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Exploring Plein Air Painting in Creating Identity from Place

Exploring Plein Air Painting in Creating Identity from Place

I was fortunate enough that Creating Identity from Place was my first exhibition to be working on at the Ohio Arts Council’s (OAC) Riffe Gallery. I started as the Marketing and Exhibitions Fellow in early July and was quickly introduced to life here at the gallery. I immediately became involved with this exhibition and fell in love with the calming scenes and beautiful landscapes present in the works. While I adored what I saw, I didn’t fully understand what the creative process was behind the pieces. One of the first questions I asked was, “What is plein air painting?”

 As an amateur painter, I have dabbled in still life and abstract works, but what was this foreign technique I hadn’t heard of? Pronounced “\ ˌplān-ˈer ; ple-ˈner \” the definition of this practice can be summarized as “painting or drawing in nature.” So, in creating their works, plein air artists bring their supplies outside and paint what they see.

 “What an interactive process,” I thought.

When I understood the meaning of plein air painting, I had an even greater appreciation for the artworks in front of me. These artists have braved the elements to bring their surroundings to life with paint, pencil, board, or canvas. While each artist displays his or her unique approach to landscape, all works beautifully capture the local scenery.

After living in Ohio for more than two decades, I had become rather numb to the beauty of the state’s scenery. So, the concept of an exhibition highlighting Ohio’s landscape seemed like just the thing I needed to experience. When I first encountered this exhibition, I realized I have not been giving my beautiful homeland enough credit. The members of the Ohio Plein Air Society have created works filled with colorful sunsets and lush greenery, shimmering lakes and snowy treetops.

 One piece that immediately caught my eye was Ann Ferguson Kah’s Morning at Brandywine (2016). She expertly captures the movement of water meticulously finding its way down a stacked bed of rocks. Rushing water flows through a crack in the rock formation, while a tiny sliver of water drips from a divot at the top of the stack, leaving the curious viewer wondering what else could be above. Kah’s impressionistic background of greens and browns leaves the viewer to understand how secluded in nature this magnificent water formation is. The stark contrast between heavy, dark rocks and light, flowing water truly brings this piece to life.  

While some artists, like Kah, choose to feature the rural and more secluded areas of the Ohio countryside, others find their muse in the cityscape. Cody Heichel’s Prospect and Bolivar (2017) is such an example. Various three- and four-story buildings scatter the background of this painting, with pedestrians wandering the streets, reminding the viewer that this painting was truly created in the moment. Careful details, from the edges of bricks to the pattern of a person’s shirt, show an extraordinary level of intentionality in this work, especially in an ever-changing outdoor climate. From barely-seen power lines to expertly-crafted sidewalk tiles, the details in Heichel’s work are extraordinary. He also captures a sense of movement in this painting through shadows beneath pedestrians. His perspective of architectural structures is bold, leaving the viewer’s eye to appreciate every detail of the work.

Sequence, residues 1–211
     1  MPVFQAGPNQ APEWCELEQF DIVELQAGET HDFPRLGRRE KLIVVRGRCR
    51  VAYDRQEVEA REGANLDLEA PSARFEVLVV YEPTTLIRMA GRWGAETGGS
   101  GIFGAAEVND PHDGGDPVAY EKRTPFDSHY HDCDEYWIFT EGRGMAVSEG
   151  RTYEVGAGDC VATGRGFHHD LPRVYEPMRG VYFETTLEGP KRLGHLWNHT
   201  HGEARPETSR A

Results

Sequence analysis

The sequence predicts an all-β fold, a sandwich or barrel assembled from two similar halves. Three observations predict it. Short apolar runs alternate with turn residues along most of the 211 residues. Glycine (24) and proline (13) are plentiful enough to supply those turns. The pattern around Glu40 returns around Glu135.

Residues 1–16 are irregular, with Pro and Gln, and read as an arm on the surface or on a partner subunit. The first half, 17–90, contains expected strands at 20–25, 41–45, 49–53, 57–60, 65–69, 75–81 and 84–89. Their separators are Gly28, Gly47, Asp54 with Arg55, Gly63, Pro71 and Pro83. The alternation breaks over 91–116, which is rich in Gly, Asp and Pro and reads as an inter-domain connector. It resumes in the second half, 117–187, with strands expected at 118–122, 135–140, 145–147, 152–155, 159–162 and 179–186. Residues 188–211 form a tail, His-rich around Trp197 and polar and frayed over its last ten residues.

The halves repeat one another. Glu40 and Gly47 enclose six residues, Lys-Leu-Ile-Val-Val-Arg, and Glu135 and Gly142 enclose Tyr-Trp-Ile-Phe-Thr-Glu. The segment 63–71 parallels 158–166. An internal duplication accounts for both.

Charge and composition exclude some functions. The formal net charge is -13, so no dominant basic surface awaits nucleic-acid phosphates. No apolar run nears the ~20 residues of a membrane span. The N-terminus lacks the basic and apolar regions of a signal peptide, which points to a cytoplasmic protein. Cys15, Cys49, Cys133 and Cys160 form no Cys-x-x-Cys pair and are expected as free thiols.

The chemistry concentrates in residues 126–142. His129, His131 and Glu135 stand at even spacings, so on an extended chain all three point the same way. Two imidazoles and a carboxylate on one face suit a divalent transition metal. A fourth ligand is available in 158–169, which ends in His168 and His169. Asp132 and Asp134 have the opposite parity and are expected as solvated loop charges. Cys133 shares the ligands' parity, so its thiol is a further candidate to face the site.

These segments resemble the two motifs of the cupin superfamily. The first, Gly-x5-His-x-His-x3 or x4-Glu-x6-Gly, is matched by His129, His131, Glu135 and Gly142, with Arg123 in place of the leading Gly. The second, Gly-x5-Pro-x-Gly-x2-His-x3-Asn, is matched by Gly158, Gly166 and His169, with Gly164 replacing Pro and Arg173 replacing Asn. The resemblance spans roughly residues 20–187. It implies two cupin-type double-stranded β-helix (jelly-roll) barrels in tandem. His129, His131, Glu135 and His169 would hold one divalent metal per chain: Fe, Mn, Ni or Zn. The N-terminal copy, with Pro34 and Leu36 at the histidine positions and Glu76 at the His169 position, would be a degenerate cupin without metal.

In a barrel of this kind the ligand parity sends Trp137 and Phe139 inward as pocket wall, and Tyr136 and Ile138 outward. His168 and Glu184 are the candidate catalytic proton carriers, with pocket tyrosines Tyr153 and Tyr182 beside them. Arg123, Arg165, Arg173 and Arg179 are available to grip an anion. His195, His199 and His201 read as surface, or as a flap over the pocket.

While I only mention two pieces from the 73 in the exhibition, they beautifully  illustrate what all plein air painting can be—filled with diversity and strength, tranquility and movement. Paintings in this exhibition range from small to large, realistic to abstract. They feature subject matter from infinitely different—yet somehow connected—landscapes. 

 I was able to more fully experience this fascinating process while attending Doreen St. John’s pastel workshop. She began by teaching the participants about different pastel tools and products. I learned the medium she uses is bold and opaque and one-of-a-kind. St. John then continued her workshop by giving us a step-by-step tutorial of how she makes her pastel paintings. She showed the group how to create dimension and shape, color and light. In a matter of minutes, I felt a new appreciation for the plein air artists in the show.

If you are interested in experiencing the methods of plein air painters, be sure to attend some of the gallery’s free programming, including drop-in artist demonstrations, a pastel workshop, a friends and family workshop, and a creative writing workshop.

To view the artworks in person, stop by the OAC’s Riffe Gallery Monday, Tuesday, Wednesday, and Friday between 10 a.m. - 5 p.m., Thursday between 10 a.m. - 8 p.m., and Saturday between 11 a.m. - 4 p.m. Admission is always free, and the gallery is located at 77 S. High St. in Columbus, Ohio, on the first-floor of the Vern Riffe Center for Government and the Arts.

For more information, call the gallery at 614-644-9624 or visit riffegallery.org.

ABOUT THE RIFFE GALLERY
The Ohio Arts Council’s Riffe Gallery showcases the work of Ohio's artists and the collections of the state's museums and galleries. The Riffe Gallery is located in the Vern Riffe Center for Government and the Arts, across from the Statehouse on High Street in Downtown Columbus. Like the Riffe Gallery on Facebook and follow us on Instagram.

ABOUT THE OHIO ARTS COUNCIL
The Ohio Arts Council is a state agency that funds and supports quality arts experiences to strengthen Ohio communities culturally, educationally, and economically. Connect with the OAC on Facebook, follow us on Twitter, or visit our website at oac.ohio.gov.

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Article by Alexa Demyan, 2018-19 OAC Riffe Gallery Marketing and Exhibitions Fellow



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